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Predation and over hunting is what hurts ET population IMO. Large timber tracts that have sufficient cover and nutrition are leased out with 1 hunter per hundred acres all wanting to fill there tags. And then there’s the exceptions where large tracts are managed properly and not over hunted allowing the numbers to be sustainable with proper supplemental feeding. As for as quality, native ET deer can hold they’re own compared to ANY other region when allowed to reach they’re full potential.
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Old 09-24-2022, 07:16 PM   #10
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This should get interesting later through the evening.
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Old 09-24-2022, 07:21 PM   #11
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Predation and over hunting is what hurts ET population IMO. Large timber tracts that have sufficient cover and nutrition are leased out with 1 hunter per hundred acres all wanting to fill there tags. And then thereís the exceptions where large tracts are managed properly and not over hunted allowing the numbers to be sustainable with proper supplemental feeding. As for as quality, native ET deer can hold theyíre own compared to ANY other region when allowed to reach theyíre full potential.
This is a very good summation imo in the above attachment.

Closing the season for running dogs was one of the best thing that has helped from my simple world. Even though the hunting ethics have improved in East Tx we are a long way from being where they need to be. I ďwasĒ one of those generations if itís brown itís down. I can remember growing the deer numbers were very scarce some years.
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Old 09-24-2022, 07:30 PM   #12
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Every east Texas lease I see posted.

ď400 acres. Looking for 26 hunters at $1k per spotĒ.

Might be a piece of the puzzle
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Old 09-24-2022, 07:45 PM   #13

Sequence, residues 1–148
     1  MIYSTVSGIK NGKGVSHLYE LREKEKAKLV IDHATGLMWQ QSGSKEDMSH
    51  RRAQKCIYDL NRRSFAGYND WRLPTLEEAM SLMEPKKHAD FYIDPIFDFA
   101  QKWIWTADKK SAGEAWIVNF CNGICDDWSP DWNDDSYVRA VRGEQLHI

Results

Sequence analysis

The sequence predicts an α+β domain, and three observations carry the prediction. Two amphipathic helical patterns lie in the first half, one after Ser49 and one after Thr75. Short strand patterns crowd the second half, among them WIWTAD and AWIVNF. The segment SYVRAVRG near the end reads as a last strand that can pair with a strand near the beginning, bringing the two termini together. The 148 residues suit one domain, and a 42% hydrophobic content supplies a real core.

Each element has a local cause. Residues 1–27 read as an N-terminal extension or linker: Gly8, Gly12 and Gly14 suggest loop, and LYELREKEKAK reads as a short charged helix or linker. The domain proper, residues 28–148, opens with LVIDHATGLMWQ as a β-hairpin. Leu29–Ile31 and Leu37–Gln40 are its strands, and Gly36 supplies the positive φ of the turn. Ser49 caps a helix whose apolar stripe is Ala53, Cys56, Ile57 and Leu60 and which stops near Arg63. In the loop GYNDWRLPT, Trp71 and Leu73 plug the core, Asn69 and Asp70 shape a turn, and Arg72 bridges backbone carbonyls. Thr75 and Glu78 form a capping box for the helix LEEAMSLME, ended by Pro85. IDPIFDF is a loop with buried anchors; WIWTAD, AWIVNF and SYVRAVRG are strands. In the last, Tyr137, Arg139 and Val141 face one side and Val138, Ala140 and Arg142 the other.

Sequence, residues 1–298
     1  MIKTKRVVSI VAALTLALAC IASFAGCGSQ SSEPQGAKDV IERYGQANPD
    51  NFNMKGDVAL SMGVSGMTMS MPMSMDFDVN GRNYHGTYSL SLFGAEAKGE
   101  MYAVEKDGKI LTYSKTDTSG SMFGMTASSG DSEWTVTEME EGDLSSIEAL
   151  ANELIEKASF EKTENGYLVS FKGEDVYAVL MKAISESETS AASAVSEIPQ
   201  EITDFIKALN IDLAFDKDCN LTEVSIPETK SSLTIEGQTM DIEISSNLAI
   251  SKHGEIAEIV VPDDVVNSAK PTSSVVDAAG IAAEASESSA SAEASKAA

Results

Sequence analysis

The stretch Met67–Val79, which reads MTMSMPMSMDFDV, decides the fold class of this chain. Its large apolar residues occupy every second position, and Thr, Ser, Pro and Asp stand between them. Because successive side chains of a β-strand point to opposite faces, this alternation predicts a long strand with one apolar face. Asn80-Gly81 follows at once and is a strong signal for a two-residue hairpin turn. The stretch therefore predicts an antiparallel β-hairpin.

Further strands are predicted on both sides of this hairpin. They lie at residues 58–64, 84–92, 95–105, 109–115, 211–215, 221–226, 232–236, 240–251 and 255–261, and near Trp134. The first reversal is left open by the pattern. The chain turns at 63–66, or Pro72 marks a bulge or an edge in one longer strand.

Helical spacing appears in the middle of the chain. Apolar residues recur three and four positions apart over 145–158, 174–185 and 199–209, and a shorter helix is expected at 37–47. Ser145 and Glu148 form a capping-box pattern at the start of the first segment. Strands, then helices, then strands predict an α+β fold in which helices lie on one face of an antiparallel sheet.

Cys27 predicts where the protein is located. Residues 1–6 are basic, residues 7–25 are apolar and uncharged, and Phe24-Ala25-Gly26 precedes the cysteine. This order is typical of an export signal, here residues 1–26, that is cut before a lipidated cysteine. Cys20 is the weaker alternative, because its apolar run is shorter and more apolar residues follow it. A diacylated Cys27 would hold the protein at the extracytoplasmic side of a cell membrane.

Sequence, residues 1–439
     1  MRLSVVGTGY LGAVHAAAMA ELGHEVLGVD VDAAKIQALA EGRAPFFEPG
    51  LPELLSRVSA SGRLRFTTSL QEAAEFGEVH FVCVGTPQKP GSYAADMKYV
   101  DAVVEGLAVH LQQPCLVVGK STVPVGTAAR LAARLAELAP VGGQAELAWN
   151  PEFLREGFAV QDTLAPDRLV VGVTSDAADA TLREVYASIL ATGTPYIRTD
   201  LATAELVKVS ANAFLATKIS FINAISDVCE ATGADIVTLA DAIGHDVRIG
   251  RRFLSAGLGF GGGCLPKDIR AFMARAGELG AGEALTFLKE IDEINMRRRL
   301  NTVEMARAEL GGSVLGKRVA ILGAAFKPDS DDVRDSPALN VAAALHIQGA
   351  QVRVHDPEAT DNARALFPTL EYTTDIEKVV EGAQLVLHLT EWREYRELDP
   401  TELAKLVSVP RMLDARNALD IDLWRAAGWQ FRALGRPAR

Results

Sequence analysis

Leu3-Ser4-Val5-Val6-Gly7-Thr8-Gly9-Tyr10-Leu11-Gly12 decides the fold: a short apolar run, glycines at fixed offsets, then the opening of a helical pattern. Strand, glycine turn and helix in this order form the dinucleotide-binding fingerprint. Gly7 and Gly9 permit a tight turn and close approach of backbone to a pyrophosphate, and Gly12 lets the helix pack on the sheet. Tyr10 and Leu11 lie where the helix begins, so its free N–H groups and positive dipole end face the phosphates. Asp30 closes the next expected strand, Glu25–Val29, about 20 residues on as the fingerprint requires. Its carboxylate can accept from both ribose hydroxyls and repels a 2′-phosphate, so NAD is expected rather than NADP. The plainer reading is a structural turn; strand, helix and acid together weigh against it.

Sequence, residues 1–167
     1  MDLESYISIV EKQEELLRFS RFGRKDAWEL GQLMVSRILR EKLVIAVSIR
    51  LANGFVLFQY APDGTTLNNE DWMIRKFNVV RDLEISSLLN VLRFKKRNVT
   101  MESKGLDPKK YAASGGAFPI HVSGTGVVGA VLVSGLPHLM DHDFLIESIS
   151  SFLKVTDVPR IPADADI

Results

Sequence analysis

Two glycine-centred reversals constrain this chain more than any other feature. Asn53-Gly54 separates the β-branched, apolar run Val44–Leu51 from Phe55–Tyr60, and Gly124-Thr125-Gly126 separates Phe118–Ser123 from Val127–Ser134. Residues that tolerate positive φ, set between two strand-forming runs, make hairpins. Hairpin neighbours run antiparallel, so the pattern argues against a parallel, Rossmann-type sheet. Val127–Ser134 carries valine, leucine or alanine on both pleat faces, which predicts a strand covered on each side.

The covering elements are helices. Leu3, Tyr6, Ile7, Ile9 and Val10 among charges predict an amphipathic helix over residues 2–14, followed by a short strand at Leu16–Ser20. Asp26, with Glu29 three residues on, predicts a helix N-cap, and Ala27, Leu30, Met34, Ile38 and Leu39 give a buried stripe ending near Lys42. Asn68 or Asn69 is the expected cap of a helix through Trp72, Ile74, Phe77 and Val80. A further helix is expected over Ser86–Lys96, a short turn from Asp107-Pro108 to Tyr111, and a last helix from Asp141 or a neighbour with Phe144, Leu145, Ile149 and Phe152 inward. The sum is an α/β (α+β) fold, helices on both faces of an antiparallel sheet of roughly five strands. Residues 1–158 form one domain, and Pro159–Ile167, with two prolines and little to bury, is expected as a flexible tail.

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I think a lot has to do with the hunting culture in the area you hunt. If you hunt in an area where if it’s brown it’s down, then you will probably never have good deer numbers or quality regardless of the region. There are parts of South Texas that have tons of pressure on small acreage and if you see 5-6 deer a season your lucky.

If you are selective with the animals you take and can get your neighbors on the same page, deer will be allowed to get to their full potential. I don’t know what deer eat in the piney woods that is a consistent source of protein, but I’m sure their are some thing they survive on other than acorns. In South Texas the brush is short and extremely high in protein, and with deer being mostly browsers the nutrition is right in front of their noses all year long depending on rain.


High deer numbers is not always a good thing. Dense deer populations often restrict forage, therefore creating poor quality specimens. I believe this to be the case in alot of the hill county. Keep numbers in check, let them mature and provide good habitat and you’ll get what your looking for.

With all this being said based on my observations over the years, East Texas has in my opinion moved up to a good steady production of good quality bucks in the last 10-15 years. So it maybe turning around up there.
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Old 09-24-2022, 07:49 PM   #14
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I always heard there was a lot of inbreeding in East Texas. ymmv
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Old 09-24-2022, 08:14 PM   #15
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Good points & I agree on hunting pressure & the spotlight masters keeping numbers down in East Tx

What’s the thoughts on natural food sources sustaining the deer population in the hill country & areas that are rocks & lack of nutrition?

I agree with DryCreek there are areas with thick live oak groves & deer love those softer live oak acorns
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Old 09-24-2022, 08:26 PM   #16